This is one that definitely got away

 

Rugby:NOW COMES the tricky part. Ireland’s disappointment at failing to close out a 17-6 interval lead for a first win in Paris since 2000 will be compounded by injury concerns – especially to Conor Murray – and a six-day turnaround before facing the fast-improving Scots in the Aviva Stadium next Saturday.

Whereas the Scots had their feet up and watched on with interest, the Irish squad hurriedly made off to Charles de Gaulle airport, with the Irish scrumhalf on crutches, though not suffering the kind of damage it had initially appeared when stretchered off in the 59th minute.

“In Conor’s case he probably hyper extended his knee so the first indications are not as bad as they might first have looked on TV. The main ligaments appear to be okay, and we’ll see what the scans say over the next day or two. But with everyone else it’s going to take a day or two to settle down. Obviously that’s one of the challenges of a six day turnaround. We just need to get on a flight and make an assessment when we get home,” said Ireland coach Declan Kidney.

While the initial bulletin was relatively encouraging, and the length of Murray’s absence will depend on the results of those scans, it would be very surprising if the 22-year-old Munster scrum-half is fit to play against Scotland.

The feeling that this was one that got away was palpable for both coach and the captain Paul O’Connell. Even allowing for a Sunday fixture, the extent to which the crowd (surprisingly near the 80,000 capacity, though with a tiny, much reduced Irish presence) were kept quiet was a measure of Ireland’s first-half display, even if the increased noise levels were also a barometer of France’s comeback.

Ireland employed a much more aggressive rush defence, which knocked the French out of their stride, with tour de force performances from Stephen Ferris, O’Connell and Seán O’Brien, not to mention a truly phenomenal display of catching, kicking (with one costly exception) and running from Rob Kearney.

They also attacked the blindside more and, allowing for that one exception, kick-chased to good effect, all of which yielded fourth and fifth tries of the championship for Tommy Bowe before half-time.

But the rain arrived and, as one suspected, the French went route one to good effect to draw level before the hour. Each team had spells of high octane pressure, Ireland eschewing a drop goal whereas Lionel Beauxis failed with two as Ireland defended heroically.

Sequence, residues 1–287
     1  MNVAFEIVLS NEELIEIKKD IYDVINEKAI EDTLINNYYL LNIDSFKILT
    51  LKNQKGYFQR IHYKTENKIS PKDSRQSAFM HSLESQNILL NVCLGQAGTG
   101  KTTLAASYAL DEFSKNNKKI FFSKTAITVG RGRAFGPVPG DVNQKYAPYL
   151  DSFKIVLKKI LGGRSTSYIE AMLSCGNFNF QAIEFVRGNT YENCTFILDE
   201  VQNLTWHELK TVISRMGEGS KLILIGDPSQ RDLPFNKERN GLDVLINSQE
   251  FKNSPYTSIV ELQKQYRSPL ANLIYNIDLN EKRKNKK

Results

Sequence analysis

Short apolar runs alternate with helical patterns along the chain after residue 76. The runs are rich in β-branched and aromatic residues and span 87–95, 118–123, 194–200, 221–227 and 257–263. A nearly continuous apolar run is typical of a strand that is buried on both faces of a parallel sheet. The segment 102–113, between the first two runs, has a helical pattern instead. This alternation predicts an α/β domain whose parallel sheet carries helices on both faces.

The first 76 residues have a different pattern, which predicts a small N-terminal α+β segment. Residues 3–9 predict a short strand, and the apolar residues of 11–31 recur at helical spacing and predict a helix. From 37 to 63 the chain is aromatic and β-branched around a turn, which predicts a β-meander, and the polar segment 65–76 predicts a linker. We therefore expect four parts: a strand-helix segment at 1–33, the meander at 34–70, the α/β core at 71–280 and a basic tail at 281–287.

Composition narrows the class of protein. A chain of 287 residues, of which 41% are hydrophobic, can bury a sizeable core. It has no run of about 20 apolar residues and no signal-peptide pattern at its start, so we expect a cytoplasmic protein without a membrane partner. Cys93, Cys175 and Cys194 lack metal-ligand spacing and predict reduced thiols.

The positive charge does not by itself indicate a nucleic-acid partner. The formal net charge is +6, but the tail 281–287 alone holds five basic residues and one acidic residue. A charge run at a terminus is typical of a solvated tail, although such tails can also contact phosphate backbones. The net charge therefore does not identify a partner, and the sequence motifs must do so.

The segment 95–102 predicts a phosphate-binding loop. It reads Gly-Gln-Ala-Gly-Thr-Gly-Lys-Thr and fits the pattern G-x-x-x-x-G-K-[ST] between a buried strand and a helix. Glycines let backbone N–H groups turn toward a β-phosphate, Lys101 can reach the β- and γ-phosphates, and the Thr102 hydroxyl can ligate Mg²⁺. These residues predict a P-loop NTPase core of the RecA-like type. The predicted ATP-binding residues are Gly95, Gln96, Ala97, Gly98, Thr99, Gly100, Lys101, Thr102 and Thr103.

Thus, no less than the French and perhaps even slightly more so, Ireland were left rueing a first draw with Les Bleus since the championship winning year of 1985 and first in Paris since 1950, and their first of any kind since the 20-20 draw with Australia in Croke Park in November 2009.

“I’m disappointed for the lads really,” admitted Kidney. “They put in a huge effort. As I said to them afterwards I was proud of them. I couldn’t be asking any more. I’m proud of the fact that we believed in ourselves just to go out play our own game.

“We didn’t try to do something extraordinary and cough up easy scores. If you’re not disappointed when you don’t win you shouldn’t be in the job.”

“It’s different from three years ago,” he added. “This is not the Grand Slam side of three years ago. There’s seven or eight changes in the side now and we’re having to learn a few things along the way, and we didn’t panic in the second-half, which I was happy with. We did a lot of things well, and the more you do well the more disappointing it is when you don’t close it out. They’re the bits we need to work on.”

When the rain began to fall before half-time, Kidney said they knew what France might resort to, but it was one thing knowing and another thing stopping pick-and-go tactics given the game’s stricter interpretation of the hindmost foot offside line around the fringes.

“In the first half they were inclined to go wide, in the second half they put it up the jumper and with the laws the way they are now that’s an area we’ll take a good look at and see what technique we can use to get the ball back to us,” said Kidney.

O’Connell echoed these sentiments and made reference to Dave Pearson’s one-sided second-half penalty count of six-one, thereby making it 11-4 to France overall.

“Certainly, there’s a big feeling of a defeat, of an opportunity lost. We scored one intercept try and one really well-worked try, (but) conceded a really soft, poor try. We’re very disappointed with our second-half performance.

“We turned over the ball a few times. I’m not sure what the penalty count was – I think it was six-one (in the second-half) and it’s very difficult to compete in those circumstances. So very frustrated and very disappointed.”

Kidney told RTÉ Radio after the match that he was “disgusted” by the penalty-count.

Like any side in Ireland’s position, O’Connell said they had targeted scoring first in the second half, only to lament not scoring at all after half-time: “Obviously France are very good side, they were World Cup finalists, and very nearly won the World Cup, and they were obviously going to come out hard at us as well.

“Unfortunately they got the first score. But even with the periods of pressure we did have, if we had got any score at all, even a penalty, it would have given us a big lift.”